Can't pay, won't pay

It's right to protest against Glastonbury's headliners.

“If a rich man wants to help the poor," wrote Clement Attlee in 1920, "he should pay his taxes gladly, not dole out money at a whim." On 24 June, protesters will be trying to make this message audible above the din of the crowd at Glastonbury.

A "peaceful direct action" organised by Art Uncut - it's likely to involve a large, shiny banner - will be directed at the headliners U2 as they take the main stage on the Friday evening. With the slogan "Bono Pay Up", the campaign focuses on the tax arrangements of the globe-straddling stadium-rock band. When their native country's government had the temerity to impose a cap of €250,000 a year on tax exemption for artists' royalties, U2 switched their publishing base from Ireland to the Netherlands.

Should we be outraged? After all, Bono, U2's frontman, is known and revered the world over for his selfless devotion to the world's poor, his saintly demeanour outshining that of such religious leaders as the Pope, or Tony Blair, or - oh, all right, I'm being sarcastic. Through philanthropic "global brand" initiatives such as Product Red ("This should feel like hard commerce," the multimillionaire announced at a press conference in 2006), the be-sunglassed smugonaut has long been in the vanguard of capitalism's ideological shock troops, ramming down our throats the idea that the way to alleviate the ­effects of rampant and destructive profit-making lies in further rampant and destructive profit-making.

Not everyone shares this analysis. "U2 consistently do much much more than ANY other band in history to further the cause of the world's poorest," wrote one fan on the Bono Pay Up Facebook page. "This is a seriously misled, idiotic, self-indulgent venture, and selfish beyond belief." I disagree. The anger at Bono is justified: it is completely hypocritical to cast oneself as a great philanthropist while propping up a system in which the super-rich shop around the world for favourable (that is to say, soft) tax regimes.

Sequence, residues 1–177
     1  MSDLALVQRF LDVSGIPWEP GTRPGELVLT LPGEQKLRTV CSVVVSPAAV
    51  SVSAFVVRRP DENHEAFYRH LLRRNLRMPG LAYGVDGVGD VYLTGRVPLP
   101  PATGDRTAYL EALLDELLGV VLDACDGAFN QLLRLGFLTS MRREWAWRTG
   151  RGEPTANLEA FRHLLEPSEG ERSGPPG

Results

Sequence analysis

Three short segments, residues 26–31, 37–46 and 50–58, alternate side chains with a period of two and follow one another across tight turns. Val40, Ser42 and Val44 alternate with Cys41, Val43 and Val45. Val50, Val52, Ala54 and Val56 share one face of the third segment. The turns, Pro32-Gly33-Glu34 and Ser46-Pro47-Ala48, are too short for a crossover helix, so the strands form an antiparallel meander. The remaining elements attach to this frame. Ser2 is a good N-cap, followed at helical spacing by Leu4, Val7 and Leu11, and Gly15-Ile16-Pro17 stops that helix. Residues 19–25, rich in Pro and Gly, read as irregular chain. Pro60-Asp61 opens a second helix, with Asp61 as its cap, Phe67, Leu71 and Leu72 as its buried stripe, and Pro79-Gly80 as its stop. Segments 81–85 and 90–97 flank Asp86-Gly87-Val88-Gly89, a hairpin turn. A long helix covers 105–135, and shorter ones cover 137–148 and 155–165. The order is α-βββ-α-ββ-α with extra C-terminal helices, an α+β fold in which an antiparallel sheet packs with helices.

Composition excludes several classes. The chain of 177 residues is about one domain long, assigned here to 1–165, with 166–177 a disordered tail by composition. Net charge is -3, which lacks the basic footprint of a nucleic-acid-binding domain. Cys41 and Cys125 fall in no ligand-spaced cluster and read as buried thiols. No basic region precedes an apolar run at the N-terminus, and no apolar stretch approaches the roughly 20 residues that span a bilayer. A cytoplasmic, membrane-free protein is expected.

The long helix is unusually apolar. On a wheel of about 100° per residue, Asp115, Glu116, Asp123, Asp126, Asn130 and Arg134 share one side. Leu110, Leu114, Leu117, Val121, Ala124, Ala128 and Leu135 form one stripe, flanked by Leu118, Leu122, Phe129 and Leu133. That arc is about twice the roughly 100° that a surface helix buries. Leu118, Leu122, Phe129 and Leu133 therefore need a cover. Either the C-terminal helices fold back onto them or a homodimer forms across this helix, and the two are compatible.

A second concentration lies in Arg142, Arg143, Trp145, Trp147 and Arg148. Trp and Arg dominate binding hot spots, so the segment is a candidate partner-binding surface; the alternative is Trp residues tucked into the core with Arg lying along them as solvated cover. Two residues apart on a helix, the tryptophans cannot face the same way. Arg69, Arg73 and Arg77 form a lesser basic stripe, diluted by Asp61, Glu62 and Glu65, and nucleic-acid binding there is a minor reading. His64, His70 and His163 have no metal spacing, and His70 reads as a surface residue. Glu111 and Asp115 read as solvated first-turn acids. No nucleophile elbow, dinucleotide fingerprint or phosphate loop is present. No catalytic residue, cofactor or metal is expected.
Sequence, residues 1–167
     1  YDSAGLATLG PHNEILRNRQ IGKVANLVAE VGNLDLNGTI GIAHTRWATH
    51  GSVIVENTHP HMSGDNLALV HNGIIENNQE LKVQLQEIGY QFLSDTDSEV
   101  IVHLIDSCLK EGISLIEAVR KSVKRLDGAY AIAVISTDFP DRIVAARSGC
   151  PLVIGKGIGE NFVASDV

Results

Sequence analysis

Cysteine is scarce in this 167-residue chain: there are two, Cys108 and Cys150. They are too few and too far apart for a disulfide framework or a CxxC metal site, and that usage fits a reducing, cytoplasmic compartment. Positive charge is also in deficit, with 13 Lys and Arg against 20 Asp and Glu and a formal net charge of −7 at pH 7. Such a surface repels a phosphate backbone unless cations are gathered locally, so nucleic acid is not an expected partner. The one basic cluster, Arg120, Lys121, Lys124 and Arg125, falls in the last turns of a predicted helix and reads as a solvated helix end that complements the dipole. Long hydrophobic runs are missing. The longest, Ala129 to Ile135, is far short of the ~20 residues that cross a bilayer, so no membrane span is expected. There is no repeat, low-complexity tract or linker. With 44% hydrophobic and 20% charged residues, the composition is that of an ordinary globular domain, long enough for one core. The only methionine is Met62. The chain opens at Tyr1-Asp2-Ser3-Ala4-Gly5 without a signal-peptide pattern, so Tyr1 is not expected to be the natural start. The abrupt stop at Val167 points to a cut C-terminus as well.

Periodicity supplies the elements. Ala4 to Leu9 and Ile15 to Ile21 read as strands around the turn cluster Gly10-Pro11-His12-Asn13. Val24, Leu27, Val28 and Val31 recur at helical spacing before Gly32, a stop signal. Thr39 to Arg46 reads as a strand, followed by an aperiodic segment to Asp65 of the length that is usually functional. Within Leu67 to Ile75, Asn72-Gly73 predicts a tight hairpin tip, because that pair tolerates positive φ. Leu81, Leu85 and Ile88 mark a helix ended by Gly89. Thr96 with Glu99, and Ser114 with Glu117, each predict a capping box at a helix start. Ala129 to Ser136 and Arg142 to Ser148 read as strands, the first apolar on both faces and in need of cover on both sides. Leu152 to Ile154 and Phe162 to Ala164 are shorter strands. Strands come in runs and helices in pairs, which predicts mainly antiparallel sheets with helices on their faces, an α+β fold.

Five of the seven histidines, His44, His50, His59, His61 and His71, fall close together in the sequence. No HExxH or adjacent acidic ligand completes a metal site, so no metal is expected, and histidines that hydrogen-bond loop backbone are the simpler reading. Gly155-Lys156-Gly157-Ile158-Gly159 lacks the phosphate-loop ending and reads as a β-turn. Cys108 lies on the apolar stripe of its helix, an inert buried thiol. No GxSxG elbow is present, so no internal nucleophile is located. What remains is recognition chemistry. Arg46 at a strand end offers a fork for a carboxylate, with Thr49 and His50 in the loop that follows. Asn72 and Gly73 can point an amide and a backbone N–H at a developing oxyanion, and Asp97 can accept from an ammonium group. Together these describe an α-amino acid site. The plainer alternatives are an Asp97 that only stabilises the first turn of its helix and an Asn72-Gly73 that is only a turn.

This isn't just a question of individual morality; it has huge damaging effects. Bono Pay Up throws the spotlight on the developing world. As John Christensen, director of the Tax Justice Network, tells me, tax avoidance is a "catastrophic" problem for the developing world, which loses roughly $160bn each year this way, more than the global aid budget. "It is leading to a situation where countries cannot escape their debt problem. Tax really is the heart of a functional modern economy and a modern state."

Bono is an easy (and fun) target, but that shouldn't obscure Britain's leading role in perpetuating the situation. As Nicholas Shaxson's recent book Treasure Islands showed, the City of London lies at the heart of a global network of satellite tax havens, many of them remnants of the British empire. "People are very unaware of this issue by and large," Christensen says. "I think this protest will potentially make people aware that Britain, far from being a major aid donor to developing countries and being enormously helpful to them, is part of a problem that is of far greater significance."

Ultimately it's you, as well as Bono, that Art Uncut is targeting. The group's founder and co-organiser Philip Goff explains that the aim is to bring about "a culture shift, where people think ethically, rather than just about minimising their tax bill - thinking about what we owe to the country that provides our health service and our education; what's our fair share." Good luck to them. l

On 25 June, Art Uncut will be holding a night of music, comedy and short talks at the Bull and Gate, 389 Kentish Town Road, London NW5. For more details visit:

Daniel Trilling is the Editor of New Humanist magazine. He was formerly an Assistant Editor at the New Statesman.

This article first appeared in the 20 June 2011 issue of the New Statesman, Sunni vs Shia

Photo: Getty Images